By now it is clear that the word postmodern has a settled into an insurmountable usage in the ﬁeld of architecture and this in addition to its continuing currency for art critics and theorists, social analysts, and political and literary theorists, not to mention journalists and philosophers. Nevertheless no one less inﬂuential for the real or built presence of postmodernism than Charles Jencks could complain that with respect to architecture, critics apply the term as a kind of catchall, so (...) that postmodernism is used for "everything that was diﬀerent from high modernism, and usually this meant skyscrapers with funny shapes, brash colors, and exposed technology."1.. (shrink)
Nietzsche’s imperative call, Werde, der Du bist - Become the one you are - is, to say the least, an odd sort of imperative: dissonant and yet intrinsically inspiring. Thus Alexander Nehamas in an essay on this very theme names it the “most haunting of Nietzsche’s haunting aphorisms.” 1 Expressed as it is in The Gay Science, “Du sollst der werden, der du bist” (GS 270, KSA 3, p. 519) - Thou shalt -.
In what follows, I seek to offer a Nietzschean complement to Jacques Taminiaux's reading of Heidegger's first lecture course on Nietzsche, The Will to Power as Art. Because what Taminiaux calls Heidegger's "connivance" with Nietzsche reflects the engaged affinity of one thoughtstyle for another, from the explicit perspective of the first, Taminiaux's reading presumes without raising the question of relation between thinkers.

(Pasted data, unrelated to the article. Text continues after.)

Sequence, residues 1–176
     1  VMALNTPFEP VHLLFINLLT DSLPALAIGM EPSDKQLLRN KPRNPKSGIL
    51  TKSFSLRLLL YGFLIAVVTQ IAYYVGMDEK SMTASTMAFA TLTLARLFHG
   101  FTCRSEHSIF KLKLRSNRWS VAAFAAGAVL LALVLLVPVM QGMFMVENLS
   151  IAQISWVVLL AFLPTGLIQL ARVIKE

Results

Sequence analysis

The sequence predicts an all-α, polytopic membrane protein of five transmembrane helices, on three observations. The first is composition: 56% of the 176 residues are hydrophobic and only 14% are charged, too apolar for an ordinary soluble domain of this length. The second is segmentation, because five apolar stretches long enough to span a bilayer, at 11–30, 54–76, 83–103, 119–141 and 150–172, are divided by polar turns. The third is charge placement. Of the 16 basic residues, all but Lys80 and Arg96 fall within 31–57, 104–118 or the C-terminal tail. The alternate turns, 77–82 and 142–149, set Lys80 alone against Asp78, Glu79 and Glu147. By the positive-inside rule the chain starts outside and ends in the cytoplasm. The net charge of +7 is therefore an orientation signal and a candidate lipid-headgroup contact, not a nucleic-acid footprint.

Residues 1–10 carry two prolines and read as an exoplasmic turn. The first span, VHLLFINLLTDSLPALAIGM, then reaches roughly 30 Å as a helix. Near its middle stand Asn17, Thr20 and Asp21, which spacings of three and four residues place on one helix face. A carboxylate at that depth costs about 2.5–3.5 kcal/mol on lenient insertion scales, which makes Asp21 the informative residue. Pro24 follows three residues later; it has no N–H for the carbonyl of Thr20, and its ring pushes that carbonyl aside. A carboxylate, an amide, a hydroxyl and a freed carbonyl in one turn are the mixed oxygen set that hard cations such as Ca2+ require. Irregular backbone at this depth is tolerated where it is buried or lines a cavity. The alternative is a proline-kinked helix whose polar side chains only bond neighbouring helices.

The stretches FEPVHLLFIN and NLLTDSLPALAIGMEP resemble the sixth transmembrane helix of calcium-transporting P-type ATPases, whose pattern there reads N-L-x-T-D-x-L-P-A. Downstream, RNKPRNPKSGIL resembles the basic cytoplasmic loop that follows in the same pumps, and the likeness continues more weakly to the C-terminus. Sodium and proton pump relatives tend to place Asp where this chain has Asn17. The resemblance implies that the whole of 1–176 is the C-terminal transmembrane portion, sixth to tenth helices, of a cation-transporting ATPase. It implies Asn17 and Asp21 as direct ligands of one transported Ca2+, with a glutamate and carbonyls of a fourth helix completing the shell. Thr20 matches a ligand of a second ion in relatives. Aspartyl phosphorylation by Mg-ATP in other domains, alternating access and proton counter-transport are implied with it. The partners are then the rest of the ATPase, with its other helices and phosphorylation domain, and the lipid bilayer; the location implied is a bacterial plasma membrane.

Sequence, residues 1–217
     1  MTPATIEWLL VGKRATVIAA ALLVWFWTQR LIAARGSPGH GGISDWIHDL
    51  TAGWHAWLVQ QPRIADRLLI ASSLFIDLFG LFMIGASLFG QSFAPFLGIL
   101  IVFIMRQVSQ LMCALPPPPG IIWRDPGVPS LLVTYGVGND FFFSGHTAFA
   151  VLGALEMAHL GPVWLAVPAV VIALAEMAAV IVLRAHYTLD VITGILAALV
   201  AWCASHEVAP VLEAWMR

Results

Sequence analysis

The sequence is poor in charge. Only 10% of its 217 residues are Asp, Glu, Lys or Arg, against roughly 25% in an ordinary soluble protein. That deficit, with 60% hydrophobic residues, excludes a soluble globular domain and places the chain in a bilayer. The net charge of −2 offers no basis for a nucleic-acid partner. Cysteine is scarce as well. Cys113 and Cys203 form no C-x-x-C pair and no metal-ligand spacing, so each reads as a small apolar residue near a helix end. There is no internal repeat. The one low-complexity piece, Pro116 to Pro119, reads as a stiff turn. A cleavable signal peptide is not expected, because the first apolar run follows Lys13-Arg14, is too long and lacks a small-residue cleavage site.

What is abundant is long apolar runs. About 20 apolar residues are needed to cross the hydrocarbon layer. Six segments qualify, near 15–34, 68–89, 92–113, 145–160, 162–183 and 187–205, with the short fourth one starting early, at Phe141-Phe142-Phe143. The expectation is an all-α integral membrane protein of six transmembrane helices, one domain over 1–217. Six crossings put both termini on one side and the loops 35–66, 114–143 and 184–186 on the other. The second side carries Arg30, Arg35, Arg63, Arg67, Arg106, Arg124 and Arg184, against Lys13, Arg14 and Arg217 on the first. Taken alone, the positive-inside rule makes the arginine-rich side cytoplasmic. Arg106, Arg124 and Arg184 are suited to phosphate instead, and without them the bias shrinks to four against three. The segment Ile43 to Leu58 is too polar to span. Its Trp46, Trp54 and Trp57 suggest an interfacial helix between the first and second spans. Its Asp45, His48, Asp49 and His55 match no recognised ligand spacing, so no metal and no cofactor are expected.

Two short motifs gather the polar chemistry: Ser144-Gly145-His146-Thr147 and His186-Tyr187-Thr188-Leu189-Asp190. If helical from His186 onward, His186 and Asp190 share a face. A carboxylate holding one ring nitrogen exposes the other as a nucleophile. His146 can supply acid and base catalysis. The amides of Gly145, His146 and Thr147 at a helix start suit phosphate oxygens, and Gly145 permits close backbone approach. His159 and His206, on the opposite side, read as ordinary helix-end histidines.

As one who practices a marginalized approach to the philosophy of science, I have reason to tease mainstream, analytic philosophers about their desire to imitate scientists. But recent events have turned the tables on my joke. In essays and op-ed pieces, physicists are repaying the philosophers' compliment--not only by adopting, as popular science writers have long done, the role of cultural critic, but also by assuming the mantle of philosophy. Science, once the arbiter of scientific truth, now proposes to vet (...) the truth about everything else. I am of course referring to the Sokal controversy. (shrink)
At the extreme limit of suffering [ Leiden: pathos] nothing indeed remains but the conditions of time or space. At this moment, the man forgets himself because he is entirely within the moment; the God forgets himself because he is nothing but time; and both are unfaithful. Time because at such a moment it undergoes a categoric change and beginning and end simply no longer rhyme within it; man because, at this moment, he has to follow the categorical..
The stylistic role of music in The Birth of Tragedy2 requires less a review of Nietzsche’s personal sensitivity to music (though this matters) or an account of his friendship with Richard Wagner (although this is a crucial element) than it..